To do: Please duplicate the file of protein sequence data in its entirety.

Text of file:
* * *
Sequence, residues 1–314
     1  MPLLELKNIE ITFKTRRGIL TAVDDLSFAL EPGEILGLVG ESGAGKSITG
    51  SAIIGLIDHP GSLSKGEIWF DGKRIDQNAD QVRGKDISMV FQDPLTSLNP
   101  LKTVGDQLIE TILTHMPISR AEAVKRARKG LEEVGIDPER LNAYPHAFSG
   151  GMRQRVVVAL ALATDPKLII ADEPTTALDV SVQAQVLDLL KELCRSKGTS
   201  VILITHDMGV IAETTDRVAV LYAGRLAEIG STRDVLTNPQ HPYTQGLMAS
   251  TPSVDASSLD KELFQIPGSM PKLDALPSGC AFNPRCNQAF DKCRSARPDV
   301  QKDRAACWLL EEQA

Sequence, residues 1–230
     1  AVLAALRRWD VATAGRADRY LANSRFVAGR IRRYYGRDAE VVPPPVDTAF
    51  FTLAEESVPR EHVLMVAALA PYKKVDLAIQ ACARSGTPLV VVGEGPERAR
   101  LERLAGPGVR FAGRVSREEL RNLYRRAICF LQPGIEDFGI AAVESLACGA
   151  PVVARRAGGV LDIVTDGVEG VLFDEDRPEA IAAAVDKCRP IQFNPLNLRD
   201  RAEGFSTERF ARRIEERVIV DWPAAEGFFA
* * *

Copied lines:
Sequence, residues 1–314
     1  MPLLELKNIE ITFKTRRGIL TAVDDLSFAL EPGEILGLVG ESGAGKSITG
    51  SAIIGLIDHP GSLSKGEIWF DGKRIDQNAD QVRGKDISMV FQDPLTSLNP
   101  LKTVGDQLIE TILTHMPISR AEAVKRARKG LEEVGIDPER LNAYPHAFSG
   151  GMRQRVVVAL ALATDPKLII ADEPTTALDV SVQAQVLDLL KELCRSKGTS
   201  VILITHDMGV IAETTDRVAV LYAGRLAEIG STRDVLTNPQ HPYTQGLMAS
   251  TPSVDASSLD KELFQIPGSM PKLDALPSGC AFNPRCNQAF DKCRSARPDV
   301  QKDRAACWLL EEQA

Sequence, residues 1–230
     1  AVLAALRRWD VATAGRADRY LANSRFVAGR IRRYYGRDAE VVPPPVDTAF
    51  FTLAEESVPR EHVLMVAALA PYKKVDLAIQ ACARSGTPLV VVGEGPERAR
   101  LERLAGPGVR FAGRVSREEL RNLYRRAICF LQPGIEDFGI AAVESLACGA
   151  PVVARRAGGV LDIVTDGVEG VLFDEDRPEA IAAAVDKCRP IQFNPLNLRD
   201  RAEGFSTERF ARRIEERVIV DWPAAEGFFA